Today, I was supposed to start my 365 project, where I was going to take a photo of myself every day for the next year. But I've decided that I'm not going to do that because forcing myself to take a photo everyday, instead of when I'm inspired to do so, is not my style. It becomes work, instead of my passion.
Also, I hate taking self portraits.
Also also, I didn't want to subject you to 365 photos of me. Who wants to look at me every day?
The trouble with coming up with a new self portrait for each day is finding new angles, new poses, new facial expressions, and new things to wear.
I don't have the most inspiring wardrobe, but I find my clothes comfortable.
They're also not particularly colourful, as I tend to lean towards black, grey, brown, and some navy. I have some clothes with colour, but they are limited and I'd have repeats quite often.
I wouldn't fit in well in Toronto.
At least, not according to what the Toronto Police Service would want me to wear.
According to a news release that came out yesterday, the Toronto Police have started a "Do The Bright Thing!" campaign that aims to reduce the number of citizens that are injured or killed by motorists. In this campaign, which runs this week, pedestrians are encouraged to wear bright-coloured or reflective clothing so that they can stand out to motorists, thereby avoiding harm.
I'll let that sink in a moment.
People on foot must take care in order to avoid being hit by drivers.
According to the press release, Superintendent Gord Jones of the Toronto Police Service, Traffic Services, said, “The need to be aware, alert and visible at all times on any road, even in the most routine circumstances, is a key component to ensuring your safe arrival at your destination."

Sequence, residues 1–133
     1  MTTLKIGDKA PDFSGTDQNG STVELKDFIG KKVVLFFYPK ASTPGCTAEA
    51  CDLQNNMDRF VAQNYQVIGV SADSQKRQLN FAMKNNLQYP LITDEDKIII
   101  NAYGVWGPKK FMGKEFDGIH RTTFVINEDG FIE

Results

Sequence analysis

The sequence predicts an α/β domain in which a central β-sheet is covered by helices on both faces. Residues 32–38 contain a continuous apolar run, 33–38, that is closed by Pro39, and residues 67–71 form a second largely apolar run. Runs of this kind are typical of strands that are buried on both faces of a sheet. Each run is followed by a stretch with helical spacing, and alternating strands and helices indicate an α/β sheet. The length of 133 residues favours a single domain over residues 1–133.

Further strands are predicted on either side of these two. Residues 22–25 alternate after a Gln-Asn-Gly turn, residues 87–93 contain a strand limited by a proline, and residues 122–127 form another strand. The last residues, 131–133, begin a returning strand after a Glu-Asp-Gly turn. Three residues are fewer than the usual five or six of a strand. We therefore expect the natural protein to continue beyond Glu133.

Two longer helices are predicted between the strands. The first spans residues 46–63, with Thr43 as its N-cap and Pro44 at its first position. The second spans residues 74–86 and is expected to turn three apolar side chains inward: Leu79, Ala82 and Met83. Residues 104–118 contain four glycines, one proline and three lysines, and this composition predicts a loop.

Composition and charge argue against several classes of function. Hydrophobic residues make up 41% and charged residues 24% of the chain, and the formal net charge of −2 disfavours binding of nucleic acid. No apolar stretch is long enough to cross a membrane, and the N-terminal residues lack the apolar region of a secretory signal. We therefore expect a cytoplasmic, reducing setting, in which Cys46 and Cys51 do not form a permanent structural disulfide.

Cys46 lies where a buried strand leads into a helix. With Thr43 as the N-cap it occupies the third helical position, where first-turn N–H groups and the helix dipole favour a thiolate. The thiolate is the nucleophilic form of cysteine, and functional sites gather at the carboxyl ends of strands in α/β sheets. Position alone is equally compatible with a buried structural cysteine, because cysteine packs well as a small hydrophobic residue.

I'm sorry, Gord Jones, but what about safe, responsible motorists keeping their eyes on the road and being aware of their surroundings? Shouldn't drivers be watchful of all pedestrians, whether they're brightly dressed or not?
Shouldn't the police be cracking down on aggressive and poor drivers, rather than putting the onus on potential victims?
What's next week? Warning convenience stores to make their stores look less attractive to would-be thieves? To reduce the risk of shoplifting by carrying crappy stuff that no one would want?
I understand that the number of shitty drivers is staggering in Toronto, but I didn't realize that the police were too lazy to crack down on them. Or come up with some solution that actually made sense. Like setting up patrols at troublesome intersections and fining drivers who pass through them recklessly.
And what if someone is struck by a car this week and isn't brightly attired? Will the cops just wag a finger at the victim and say "Tsk, tsk. You should have put some thought into your wardrobe. You were asking for it."?
Or what if someone is brightly dressed but is struck anyway? Will the cops point and say, "No wonder you were hit: that bright-green scarf and yellow vest just didn't work for you. It's no surprise that the driver didn't want to look at you."?
Word up, Toronto Police: as long as there are shitty drivers in your city that feel they are entitled to own the road and are more important than every other driver on the street, people are going to get hit.
It's not fashion sense you need on your roads: it's common sense.